Enif_select_read: invoke a C function when a file descriptor becomes readable

The NIF enif_select_read allows to register a pid that will receive a one shot message when an event object (such as a file descriptor) becomes readable. However if the intent is to add a file descriptor to the Erlang’s IO event loop in order to execute a C callback, it looks like the only option is for an Erlang pid to receive a message from enif_select_read, which in turn would have to issue a NIF call to pass the control of event handling back to the C land. It would be more convenient if it were possible to call a C function directly when an event object (e.g. file descriptor) becomes readable. Is it possible using the current version of the NIF API?


Your question got wide there at the end, so I’m answering this with an assumption that you wish to utilize enif_select*, or even stay in the bounds of the nif api and erl_check_io, and in that case the answer is definitely no.

However, it’s possible you may be able to do something very dirty and exploit the driver interface and use drive_select to get what you want, though that’s not part of the nif api. I am not recommending even trying that FWIW and it may not even be possible :slight_smile:

That leads to an interesting question for the OTP team though, it seems simple to bring that functionality over to the NIF side (i.e., support ready in and ready out callbacks on a resource), but what would the ramifications of that be scheduler wise?

I suppose @saleyn , convenience aside, you may be interested in avoiding the overhead of erl_check_io queuing up a message, said message being selected by the receiving process, making a nif call again (which in the case of a dirty scheduler has extra overhead), etc. ?

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Indeed, it seems that extending the NIF API to cover that use case would be logical.

It does, but I’m not sure it’s so simple… Pinging @jhogberg for info.

I think @sverker is the right person to ask, he knows this area much better than I do.

My gut feeling says that you’d just be trading one overhead for another, though, as you now need to get data (or just completion notifications) out of the callback somehow.

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My gut feeling says that you’d just be trading one overhead for another

Yes I agree. With such a callback, you would get called in a process-less context. So you will have to send a message anyway to a process to handle the read data.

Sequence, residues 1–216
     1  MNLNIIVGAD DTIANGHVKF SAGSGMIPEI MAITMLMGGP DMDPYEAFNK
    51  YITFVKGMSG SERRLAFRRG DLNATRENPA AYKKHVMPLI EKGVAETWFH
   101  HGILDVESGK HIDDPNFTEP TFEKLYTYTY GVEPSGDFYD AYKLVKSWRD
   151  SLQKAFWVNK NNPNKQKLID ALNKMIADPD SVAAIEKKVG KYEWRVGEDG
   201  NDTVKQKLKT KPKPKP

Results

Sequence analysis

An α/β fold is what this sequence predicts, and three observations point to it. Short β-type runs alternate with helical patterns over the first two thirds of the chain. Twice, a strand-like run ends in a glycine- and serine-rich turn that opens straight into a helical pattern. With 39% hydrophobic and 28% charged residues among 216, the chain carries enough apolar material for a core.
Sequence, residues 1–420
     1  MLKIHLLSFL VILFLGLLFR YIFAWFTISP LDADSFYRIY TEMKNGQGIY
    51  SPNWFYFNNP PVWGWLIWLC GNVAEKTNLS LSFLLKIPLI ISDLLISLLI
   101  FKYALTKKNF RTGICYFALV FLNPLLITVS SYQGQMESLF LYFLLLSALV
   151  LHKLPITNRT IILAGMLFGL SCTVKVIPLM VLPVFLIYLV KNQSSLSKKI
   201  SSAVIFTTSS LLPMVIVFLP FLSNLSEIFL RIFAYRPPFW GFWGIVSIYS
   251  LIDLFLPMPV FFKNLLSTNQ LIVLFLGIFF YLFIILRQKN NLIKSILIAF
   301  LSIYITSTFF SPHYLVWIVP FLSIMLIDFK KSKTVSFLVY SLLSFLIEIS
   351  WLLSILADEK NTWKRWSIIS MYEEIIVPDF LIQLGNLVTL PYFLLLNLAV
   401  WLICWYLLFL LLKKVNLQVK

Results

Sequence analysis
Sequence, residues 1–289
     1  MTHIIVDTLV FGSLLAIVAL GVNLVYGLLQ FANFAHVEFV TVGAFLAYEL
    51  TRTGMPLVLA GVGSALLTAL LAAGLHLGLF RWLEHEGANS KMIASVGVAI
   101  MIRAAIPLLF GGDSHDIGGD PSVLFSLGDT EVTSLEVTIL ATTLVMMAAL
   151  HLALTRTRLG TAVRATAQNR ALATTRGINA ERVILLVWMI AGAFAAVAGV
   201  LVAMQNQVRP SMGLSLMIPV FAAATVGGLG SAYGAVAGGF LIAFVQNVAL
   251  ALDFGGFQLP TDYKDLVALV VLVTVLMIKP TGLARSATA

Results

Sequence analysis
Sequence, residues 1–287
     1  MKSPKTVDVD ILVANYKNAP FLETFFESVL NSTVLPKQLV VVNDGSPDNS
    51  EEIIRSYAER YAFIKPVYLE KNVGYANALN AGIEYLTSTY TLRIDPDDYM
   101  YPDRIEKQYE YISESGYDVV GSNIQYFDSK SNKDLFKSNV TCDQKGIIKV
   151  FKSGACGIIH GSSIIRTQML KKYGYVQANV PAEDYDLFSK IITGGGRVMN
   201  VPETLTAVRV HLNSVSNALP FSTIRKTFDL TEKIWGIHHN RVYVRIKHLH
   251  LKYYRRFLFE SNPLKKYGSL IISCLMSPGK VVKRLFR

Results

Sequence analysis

The initial idea of the NIF interface was to not be callback driven at all. Then we reluctantly had to add some callbacks anyway when there were situations with no process to do the job.


With such a callback, you would get called in a process-less context. So you will have to send a message anyway to a process to handle the read data.

Though, the advantage here would be that the notification and socket read on the C-side could avoid cases of creation and copying of binaries for partial payloads. I.e. a process would be notified by sending a “comple” binary message only, rather than reading a binary from the socket on the Erlang side, determining that it contains an incomplete message, and repeating the operation by later concatenating binaries.


@saleyn +1. I like the idea to do the heavy lifting in C and when the data is ready/complete, send it to the Erlang side.

You’re free to do that as things are, e.g. returning incomplete until you have a full message and only then returning it in full.

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In the existing API, it would be necessary to use enif_select_read to send a message to a PID that the socket is readable, then to either call the gen_{tcp,udp,sctp}:read/2,3 or to call a NIF from the context of the PID to issue a socket read, which would only return a binary if there is a full message (assuming the NIF would cache a state someplace for the socket with a user-space buffer containing partial reads). This extra overhead of signaling a PID for partial reads, only to return control back to the C-side, seems to be avoidable if the NIF API design allowed to define a callback for reading data from a file descriptor when available.

The callback needs to be scheduled to run, too. Taking the process out of the picture wouldn’t save much (if anything), you’d just trade some overheads for different ones.

fwiw, when we faced this problem, we used a separate reactor pattern (implemented in C++), which ran in a background thread (lifetime managed by the NIF); when it had completed a task, it would then use enif_send with the result. Insert your definition of “complete”, “task” and “result” here – ours were (mostly) libcurl-related.

Aside: what I also wanted at the time was the ability to hook into Erlang’s timer wheel from a NIF.